CB: Yes, we are big fans of Blokarting and you can often see some of our New England Landsailors on the beaches at low tide and parking lots of Rhode Island and Massachusetts in the wintertime zipping around. During our last interview, you recorded me as I was at a Blokarting regatta on a salt flat in California.

TD: Evelyn, you are a Connecticut native moved to Rhode Island. We first met at the Whaling Museum on the island of Nantucket, where you were presenting a fascinating dissertation on Herreshoff and his contributions to modern, just-in-time supply chains. That’s a subject that I have a lot more appreciation for today, and it answered the question for me: “How did Nat build all those boats?” You have a very unique track record that involves digital preservation, which we want to hear more about, but your turf as a small child was really the grounds of the shipyard at Mystic Seaport, was it not?

EA: Yes, that’s correct. I grew up in Mystic and my father worked at the shipyard there throughout my childhood. He was actually there before I was born, and then worked independently for a while, both as a commercial fisherman and then also as a boat builder. He came back to the Museum for the Amistad project in the late ‘90s, but it actually goes back further than that. My grandfather was also a shipwright in the yard at Mystic. He was hired by Maynard Bray in the early ‘70s. My dad was a kid at that time and was hanging around the yard himself. So then, three generations in and out of the Seaport at this point.

TD: Were you crawling around below decks at a very young age?

EA: I didn’t get really sucked in until I was a teenager. I started volunteering in The Boathouse (the Seaport’s boat livery) when I was 13. That was a really fun place to be because it was a great volunteer corps of folks that were a combination of teachers and folks who were retired and kids. It was a really nice group, mixed and intergenerational. I started doing that and then eventually got hired as an attendant and stayed through high school. That was nice, because it was on the Seaport grounds but separate enough from the Shipyard that I felt like I was getting to explore on my own and do my own thing. Sharon Brown was leading the charge at the Boathouse, and there was a really great group of people there at that time.


Some of these boats may become part of Mystic Seaport Museum’s American Watercraft Collection.   © Conversations with Classic Boats


TD: Now your expertise is in the area of digital curation, I would say. I see pictures of you, with large documents with large electronic machines doing things. How did you get into that?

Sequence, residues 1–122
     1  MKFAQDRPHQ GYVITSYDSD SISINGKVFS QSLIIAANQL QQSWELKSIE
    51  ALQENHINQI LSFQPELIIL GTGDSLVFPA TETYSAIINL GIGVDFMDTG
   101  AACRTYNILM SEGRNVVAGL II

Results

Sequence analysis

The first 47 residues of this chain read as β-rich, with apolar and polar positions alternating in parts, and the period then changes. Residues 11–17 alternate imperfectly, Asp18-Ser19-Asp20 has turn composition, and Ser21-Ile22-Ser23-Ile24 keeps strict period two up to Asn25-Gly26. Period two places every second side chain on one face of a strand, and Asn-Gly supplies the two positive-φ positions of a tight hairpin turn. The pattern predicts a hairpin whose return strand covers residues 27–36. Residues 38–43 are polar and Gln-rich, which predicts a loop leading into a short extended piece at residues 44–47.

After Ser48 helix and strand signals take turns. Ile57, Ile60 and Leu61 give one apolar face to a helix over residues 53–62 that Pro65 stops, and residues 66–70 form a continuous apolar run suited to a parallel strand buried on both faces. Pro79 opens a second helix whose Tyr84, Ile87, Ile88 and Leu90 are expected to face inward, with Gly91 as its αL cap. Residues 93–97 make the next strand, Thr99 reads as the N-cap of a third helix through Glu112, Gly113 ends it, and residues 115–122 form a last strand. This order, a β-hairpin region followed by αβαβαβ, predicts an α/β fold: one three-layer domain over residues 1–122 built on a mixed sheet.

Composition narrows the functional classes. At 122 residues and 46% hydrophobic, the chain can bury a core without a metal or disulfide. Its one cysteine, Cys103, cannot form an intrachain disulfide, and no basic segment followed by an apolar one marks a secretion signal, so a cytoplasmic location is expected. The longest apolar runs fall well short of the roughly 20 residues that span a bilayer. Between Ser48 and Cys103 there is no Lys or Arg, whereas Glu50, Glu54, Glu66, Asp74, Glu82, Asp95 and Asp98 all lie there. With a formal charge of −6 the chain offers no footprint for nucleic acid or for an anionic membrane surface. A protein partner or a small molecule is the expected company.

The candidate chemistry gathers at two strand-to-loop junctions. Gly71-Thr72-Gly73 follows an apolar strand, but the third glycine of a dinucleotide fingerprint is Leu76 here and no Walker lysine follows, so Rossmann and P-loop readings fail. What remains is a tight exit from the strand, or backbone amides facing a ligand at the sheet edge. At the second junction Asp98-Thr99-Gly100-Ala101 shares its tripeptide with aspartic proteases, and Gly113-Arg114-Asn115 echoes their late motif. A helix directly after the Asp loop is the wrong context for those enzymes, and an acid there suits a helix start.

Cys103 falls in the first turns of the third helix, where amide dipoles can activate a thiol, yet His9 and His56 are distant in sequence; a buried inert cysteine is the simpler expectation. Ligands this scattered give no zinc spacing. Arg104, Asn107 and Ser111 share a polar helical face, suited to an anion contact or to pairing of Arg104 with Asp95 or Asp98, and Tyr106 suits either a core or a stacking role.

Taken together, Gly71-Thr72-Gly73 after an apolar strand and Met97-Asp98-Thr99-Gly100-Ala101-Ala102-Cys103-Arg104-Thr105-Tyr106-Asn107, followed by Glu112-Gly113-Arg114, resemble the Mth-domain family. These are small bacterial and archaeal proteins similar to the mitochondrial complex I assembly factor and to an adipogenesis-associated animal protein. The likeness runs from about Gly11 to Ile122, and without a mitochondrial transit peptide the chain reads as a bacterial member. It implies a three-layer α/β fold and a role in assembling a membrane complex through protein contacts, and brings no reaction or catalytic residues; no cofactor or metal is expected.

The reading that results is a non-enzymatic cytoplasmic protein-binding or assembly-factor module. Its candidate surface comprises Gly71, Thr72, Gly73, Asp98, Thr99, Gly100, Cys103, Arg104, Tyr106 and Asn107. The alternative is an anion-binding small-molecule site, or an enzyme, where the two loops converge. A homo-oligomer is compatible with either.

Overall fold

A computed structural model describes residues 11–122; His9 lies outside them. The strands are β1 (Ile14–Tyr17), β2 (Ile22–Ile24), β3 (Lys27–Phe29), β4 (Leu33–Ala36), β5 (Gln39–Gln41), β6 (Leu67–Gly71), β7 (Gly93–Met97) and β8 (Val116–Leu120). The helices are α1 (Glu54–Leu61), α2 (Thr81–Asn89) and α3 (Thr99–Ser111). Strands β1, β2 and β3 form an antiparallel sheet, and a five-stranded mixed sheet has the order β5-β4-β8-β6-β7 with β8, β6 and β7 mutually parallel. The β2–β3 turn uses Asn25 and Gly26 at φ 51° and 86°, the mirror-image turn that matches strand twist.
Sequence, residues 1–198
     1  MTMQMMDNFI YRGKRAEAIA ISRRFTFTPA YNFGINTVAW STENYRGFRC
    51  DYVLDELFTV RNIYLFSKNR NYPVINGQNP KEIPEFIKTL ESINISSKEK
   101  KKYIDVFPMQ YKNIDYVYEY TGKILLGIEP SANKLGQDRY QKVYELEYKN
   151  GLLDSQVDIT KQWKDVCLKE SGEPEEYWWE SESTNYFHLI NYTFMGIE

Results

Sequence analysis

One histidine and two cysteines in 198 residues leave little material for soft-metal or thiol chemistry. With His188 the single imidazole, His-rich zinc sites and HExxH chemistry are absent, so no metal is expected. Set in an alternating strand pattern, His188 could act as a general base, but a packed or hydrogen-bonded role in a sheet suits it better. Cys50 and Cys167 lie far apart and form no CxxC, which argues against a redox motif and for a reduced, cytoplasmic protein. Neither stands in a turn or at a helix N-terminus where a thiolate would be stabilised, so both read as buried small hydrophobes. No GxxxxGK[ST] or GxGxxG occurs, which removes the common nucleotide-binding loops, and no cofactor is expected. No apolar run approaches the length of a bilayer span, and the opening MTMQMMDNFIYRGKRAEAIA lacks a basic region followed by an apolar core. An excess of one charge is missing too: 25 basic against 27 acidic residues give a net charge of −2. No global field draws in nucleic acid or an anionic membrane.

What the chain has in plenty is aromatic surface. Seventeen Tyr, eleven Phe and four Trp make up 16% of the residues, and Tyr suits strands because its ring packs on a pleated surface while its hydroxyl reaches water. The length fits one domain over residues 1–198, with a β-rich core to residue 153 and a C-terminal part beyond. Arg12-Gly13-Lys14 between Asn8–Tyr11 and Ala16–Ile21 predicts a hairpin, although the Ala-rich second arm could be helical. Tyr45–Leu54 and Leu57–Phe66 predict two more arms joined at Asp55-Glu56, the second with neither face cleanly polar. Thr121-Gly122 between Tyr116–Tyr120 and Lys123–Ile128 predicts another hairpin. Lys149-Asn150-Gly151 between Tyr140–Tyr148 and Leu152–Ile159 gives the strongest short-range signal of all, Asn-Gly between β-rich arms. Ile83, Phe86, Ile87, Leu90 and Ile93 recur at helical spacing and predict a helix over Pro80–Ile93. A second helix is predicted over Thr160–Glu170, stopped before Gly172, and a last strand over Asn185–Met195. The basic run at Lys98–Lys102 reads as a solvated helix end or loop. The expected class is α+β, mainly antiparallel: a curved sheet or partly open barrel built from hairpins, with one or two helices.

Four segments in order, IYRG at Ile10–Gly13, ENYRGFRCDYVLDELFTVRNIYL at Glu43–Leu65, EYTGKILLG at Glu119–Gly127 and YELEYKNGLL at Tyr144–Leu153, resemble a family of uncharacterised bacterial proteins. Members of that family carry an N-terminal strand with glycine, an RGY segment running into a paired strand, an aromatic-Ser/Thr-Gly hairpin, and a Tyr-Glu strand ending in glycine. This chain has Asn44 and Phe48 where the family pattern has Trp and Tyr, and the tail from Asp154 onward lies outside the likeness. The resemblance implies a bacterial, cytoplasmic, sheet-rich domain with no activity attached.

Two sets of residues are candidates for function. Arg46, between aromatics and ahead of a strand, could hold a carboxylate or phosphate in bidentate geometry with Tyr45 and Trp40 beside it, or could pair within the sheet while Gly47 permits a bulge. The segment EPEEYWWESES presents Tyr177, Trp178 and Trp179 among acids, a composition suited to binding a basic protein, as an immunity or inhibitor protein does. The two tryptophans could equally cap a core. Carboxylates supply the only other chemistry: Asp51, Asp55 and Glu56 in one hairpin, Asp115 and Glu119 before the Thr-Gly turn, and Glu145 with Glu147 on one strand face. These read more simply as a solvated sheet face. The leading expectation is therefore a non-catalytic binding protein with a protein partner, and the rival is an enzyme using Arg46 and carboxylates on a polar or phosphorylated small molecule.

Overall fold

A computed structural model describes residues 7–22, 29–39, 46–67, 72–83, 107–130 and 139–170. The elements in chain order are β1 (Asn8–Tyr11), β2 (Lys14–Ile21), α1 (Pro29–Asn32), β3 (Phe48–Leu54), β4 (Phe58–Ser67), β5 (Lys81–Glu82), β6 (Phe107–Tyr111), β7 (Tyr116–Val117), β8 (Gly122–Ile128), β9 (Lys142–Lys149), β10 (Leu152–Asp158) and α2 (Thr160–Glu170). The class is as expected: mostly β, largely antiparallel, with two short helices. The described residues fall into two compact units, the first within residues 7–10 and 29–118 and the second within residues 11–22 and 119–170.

EA: Basically, in college I was really interested in art conservation and preservation as a field, and that was actually the direction that I was headed. As an undergrad, I was studying art and art history and chemistry, because those are the three things you need to go off to school for conservation. And because of that, I started working first at the conservation lab at the Rhode Island School of Design Museum with their objects conservator for a summer. And then in the conservation lab at the John Hay Library at Brown, which is the special collections library on campus. As a part of that process, I got involved with something else at the University, the Center for Digital Scholarship. That was a new program exploring what the digital world could do to make collections and archives more accessible to the public.

It sounds very abstract when you talk about digitization, but it’s a very physical process. It’s really hands-on, and having a background in preservation and object and artifact handling is really important when you’re doing high volume scanning of things. And then, it’s a lot of cameras and a lot of time in the studio, although the equipment is still pretty basic.

I will always proselytize for cameras over flatbed scanners for digitization. It’s better for the artifacts and for the institution, especially in medium to small size institutions where you might want to be photographing other things – three dimensional objects as well as flat stuff. Digitization is still sort of a new field. The stuff that people are doing in terms of digital initiatives is not incredibly complicated or that new, at least in the worlds that I’m operating in. But now we’re at this point where digital storage is cheap enough and the equipment is relatively affordable, so the idea of mass digitization – not just reproducing things for your website on a single item at a time basis, but doing large groups of items – has become practical just in the last twenty years.